A ruling by the whacky Ninth Circuit Court of Appeals would allow enviros to shut down logging by requiring road stormwater run-off to be managed by logging-stopping permitting rather than logging-enabling “best practices.”
The Wall Street Journal editorializes,
The Ninth Circuit Court of Appeals is often a source of national amusement, but if one of its recent decisions on the Clean Water Act is allowed to stand, it will wreak havoc on the timber industry and damage other agricultural management as well. Today the Supreme Court is likely to decide whether to hear the appeal on a case that could reinterpret a longstanding classification in environmental law.
In Georgia Pacific v. Northwest Environmental Defense Center, the question concerns whether rural roads used for hauling timber should be subject to the same stringent environmental permitting process as major industrial sites and municipal systems.
An environmental group claimed that water runoff from logging roads was getting into fish-bearing streams. The District Court said there was no case but in its ever-willful way the liberal Ninth Circuit overturned, ruling that the roads should fall under so-called “point source” standards, which require special permits from the EPA.
The stricter classification is a perennial on the wish list of environmentalists because it would introduce an army of lawyers and specialists every time a new logging road was built. Under the roads’ historical Clean Water Act classification as “non-point source,” storm-water runoff on the roads is regulated by the states, which develop their own requirements and restrictions on road use. The stricter category would delay the process as the permits themselves become a new locus for additional environmental litigation.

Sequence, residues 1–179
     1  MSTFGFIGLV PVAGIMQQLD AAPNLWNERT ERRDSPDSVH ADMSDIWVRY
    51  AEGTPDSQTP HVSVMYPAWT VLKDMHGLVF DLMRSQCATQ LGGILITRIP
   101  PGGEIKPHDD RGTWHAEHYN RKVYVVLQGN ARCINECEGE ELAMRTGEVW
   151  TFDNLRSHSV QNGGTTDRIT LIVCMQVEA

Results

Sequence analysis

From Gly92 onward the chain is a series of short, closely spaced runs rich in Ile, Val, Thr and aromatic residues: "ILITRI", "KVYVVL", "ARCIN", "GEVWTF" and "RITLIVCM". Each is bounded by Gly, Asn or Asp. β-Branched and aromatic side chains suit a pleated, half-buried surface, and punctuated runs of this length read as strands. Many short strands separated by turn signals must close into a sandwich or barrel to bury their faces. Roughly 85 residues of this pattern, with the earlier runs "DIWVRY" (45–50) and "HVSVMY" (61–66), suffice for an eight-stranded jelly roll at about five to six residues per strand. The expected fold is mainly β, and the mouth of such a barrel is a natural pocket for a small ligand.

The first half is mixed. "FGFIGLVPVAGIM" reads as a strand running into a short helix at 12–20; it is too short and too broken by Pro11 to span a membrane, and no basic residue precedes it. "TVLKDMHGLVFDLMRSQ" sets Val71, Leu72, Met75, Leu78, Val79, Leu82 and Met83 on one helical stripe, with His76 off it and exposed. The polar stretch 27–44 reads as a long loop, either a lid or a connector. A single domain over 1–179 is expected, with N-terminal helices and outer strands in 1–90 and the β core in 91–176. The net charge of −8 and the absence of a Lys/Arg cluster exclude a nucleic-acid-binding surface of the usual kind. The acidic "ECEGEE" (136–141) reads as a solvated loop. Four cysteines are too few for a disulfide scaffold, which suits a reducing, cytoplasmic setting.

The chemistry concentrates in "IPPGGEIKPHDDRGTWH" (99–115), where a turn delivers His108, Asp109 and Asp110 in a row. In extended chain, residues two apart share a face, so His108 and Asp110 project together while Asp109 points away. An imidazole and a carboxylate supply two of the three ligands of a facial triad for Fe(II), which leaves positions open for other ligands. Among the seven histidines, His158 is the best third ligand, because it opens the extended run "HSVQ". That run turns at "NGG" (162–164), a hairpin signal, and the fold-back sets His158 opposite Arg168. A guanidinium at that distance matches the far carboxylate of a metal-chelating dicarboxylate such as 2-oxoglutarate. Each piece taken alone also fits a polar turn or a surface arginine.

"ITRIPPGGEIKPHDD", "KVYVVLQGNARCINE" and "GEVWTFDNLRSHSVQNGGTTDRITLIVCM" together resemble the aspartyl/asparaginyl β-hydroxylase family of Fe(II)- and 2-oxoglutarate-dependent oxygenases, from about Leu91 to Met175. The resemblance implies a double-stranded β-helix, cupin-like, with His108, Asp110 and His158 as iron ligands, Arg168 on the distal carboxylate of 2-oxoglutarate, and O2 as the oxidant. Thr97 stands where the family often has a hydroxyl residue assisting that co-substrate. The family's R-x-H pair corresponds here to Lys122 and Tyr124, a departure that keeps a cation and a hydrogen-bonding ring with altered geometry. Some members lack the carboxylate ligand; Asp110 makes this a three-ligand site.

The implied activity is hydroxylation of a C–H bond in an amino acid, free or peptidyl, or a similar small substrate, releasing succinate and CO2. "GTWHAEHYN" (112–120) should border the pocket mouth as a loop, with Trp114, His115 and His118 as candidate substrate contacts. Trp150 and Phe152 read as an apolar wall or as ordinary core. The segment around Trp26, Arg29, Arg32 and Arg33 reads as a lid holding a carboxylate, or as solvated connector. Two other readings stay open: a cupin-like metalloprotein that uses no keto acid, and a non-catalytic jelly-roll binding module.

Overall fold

The U.S. Forest Service says that if the ruling stands, it would have to obtain more than 400,000 permits, working with 46 states, a process that could take 10 years. And that’s the green goal: to create enough delay and bureaucracy that timber harvesting will cease to be profitable.
According to Oregon Democratic Senator Ron Wyden, the Ninth Circuit’s radical interpretation “would shut down forestry on private, state and tribal lands” in the states where it applies. That list would include Oregon, Washington, Idaho, California, Nevada and Montana.
As a legal matter, the Ninth Circuit’s decision was a particularly blatant power grab in the kind of matter traditionally left to an agency with specific judgment and knowledge. In deciding environmental complaint cases, courts are supposed to defer to the Environmental Protection Agency, as long as the agency has acted reasonably.
In the case of the logging roads, the non-point source classification represented 35 years of consistent interpretation by the EPA, that storm-water runoff was “better controlled through the utilization of best management practices” and “ill-suited for inclusion in a permit program.” After Congress amended the law in 1987, the agency again rejected including logging roads in the category for heavy industrial pollutants.
The interpretation has been confirmed by two other circuits, but if the Ninth Circuit’s wacky ruling is allowed to stand it will impose major economic burdens and a litigation free-for-all in the Pacific Northwest. No doubt some Supreme Court Justices are frustrated that they must keep playing janitor after the legal elephant parade that is the Ninth Circuit, but no one else has the authority. We hope the High Court takes the case.